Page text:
At the outset, the Obama administration made it clear that the United Nations would be its preferred venue for diplomacy. In contrast to the Bush administration, the U.S. rejoined the U.N. Human Rights Commission and the U.N. Alliance of Civilizations, an openly anti-Israel body which claimed in 2006 that global tensions were driven primarily by the Palestinian-Israeli conflict, and referred to the September 11th attacks as resulting from “a perception among Muslim societies of unjust aggression stemming from the West.”
It was in the Alliance of Civilizations that Turkey’s Prime Minister last week lumped Zionism with “Islamophobia” and anti-Semitism as racist doctrines and “war crimes.”
In the U.N. Security Council, the U.S. declined to support Canada’s traditional, once-a-decade bid for a seat. Canada, an outspoken supporter of Israel, lost to Portugal, a stalwart representative of E.U. ambivalence. The U.S. voted against the infamous “Goldstone Report,” but declined to use its influence to encourage others to do the same. The administration demanded a “total settlement freeze” from Israel and allowed Israeli policies to be denounced in the fiercest terms in the Security Council before exercising its veto. The U.S. brokered a Security Council “compromise” that allowed Israel to be criticized along with Syria.
The administration accepted the 2010 U.N. Nuclear Non Proliferation Treaty Review that singled out Israel for condemnation – despite public statements that it would never do that.
There has been an increase in Ballistic Missile Defense cooperation, which is good for Israel: its enemies have missiles. But it represents a completely defensive option. The administration is comfortable with the idea of defending Israel, but by putting Israel in the position of the “defense client” which occupied until 1980, rather than by enhancing its status as a “partner” in mutual defense — this is not a step forward.
Further, defense is irrelevant until after an attack. Any thought Israel has about protecting its citizens through pre-emptive measures is not covered. Gen. Martin Dempsey, Chairman of the Joint Chiefs of Staff, told Congress, “I don’t want to be complicit if they [Israelis] choose to do it [attack Iran’s nuclear program].” That remark must have greatly comforted Iran.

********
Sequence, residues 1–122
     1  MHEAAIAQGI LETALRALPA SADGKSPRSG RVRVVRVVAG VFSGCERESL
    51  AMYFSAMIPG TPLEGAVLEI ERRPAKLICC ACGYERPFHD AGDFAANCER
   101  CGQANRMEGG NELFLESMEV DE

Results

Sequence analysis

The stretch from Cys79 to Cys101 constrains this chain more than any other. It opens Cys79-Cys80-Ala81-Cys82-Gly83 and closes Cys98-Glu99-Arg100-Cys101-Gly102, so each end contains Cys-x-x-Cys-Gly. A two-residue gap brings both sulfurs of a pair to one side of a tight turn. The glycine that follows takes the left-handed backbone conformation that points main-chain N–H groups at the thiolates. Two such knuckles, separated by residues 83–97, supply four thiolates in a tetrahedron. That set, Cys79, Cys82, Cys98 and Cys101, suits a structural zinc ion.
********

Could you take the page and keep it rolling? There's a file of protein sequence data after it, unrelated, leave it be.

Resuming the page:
Austere Challenge, a once-cancelled U.S.-Israel missile defense exercise, did go forward at the end of 2012, but in a scaled back mode, most likely to reassure Iran that it was not cover for any offensive activity. In case this dodge was not clear, Gen. Craig Franklin, Commander of U.S. Third Air Force, repeated that point several times in a single interview before the exercise: “It’s purely to provide defensive capabilities with Israel. … This exercise doesn’t look at any particular threat, it looks at a threat scenario that is notional. … This is a military exercise not tied to any particular recent world event, it’s just a notional exercise. … As I mentioned, this is not related to any particular recent world event.”
While missile defense cooperation continues, the Obama administration has taken overt steps to tell the Arab and Muslim world that the U.S. is severable from Israel. The NATO-related air rescue operation Anatolian Eagle was canceled because Turkey would not let Israel participate. Last May, the Administration held Eager Lion 2012, a Special Operations exercise with 19 Arab and Muslim countries, including Egypt, Lebanon and Pakistan.
The tactics and training of Special Operations is an important component of Israel’s “qualitative military edge.” How much of what the U.S. and Israel developed over the years was shared with countries overtly hostile to Israel? Israel was not invited to the May 2012 NATO confab, although 13 NATO “partner nations” were invited to discuss terrorism. Two other U.S.-organized and -led multilateral counterterrorism confabs excluded Israel as well.
When Turkey objected to the sharing of intelligence information with Israel, Secretary of Defense Panetta said no NATO radar intelligence would be shared “outside of NATO.” Secretary Hagel is unlikely to share what Secretary Panetta would not.
The U.S. and Israel continue to share values across the board, share capabilities in certain areas and to acknowledge common threats. President Obama’s visit to Israel later in the month would be an opportune time to think about how to end the current patron-client relationship and restore Israel’s position as a parallel security partner to the United States.
Originally published at the Gatestone Institute, under the title, “The Limits of US-Israel Security Cooperation.”
About the Author: Shoshana Bryen is Senior Director of The Jewish Policy Center. She was previously Senior Director of JINSA and author of JINSA Reports form 1995-2011.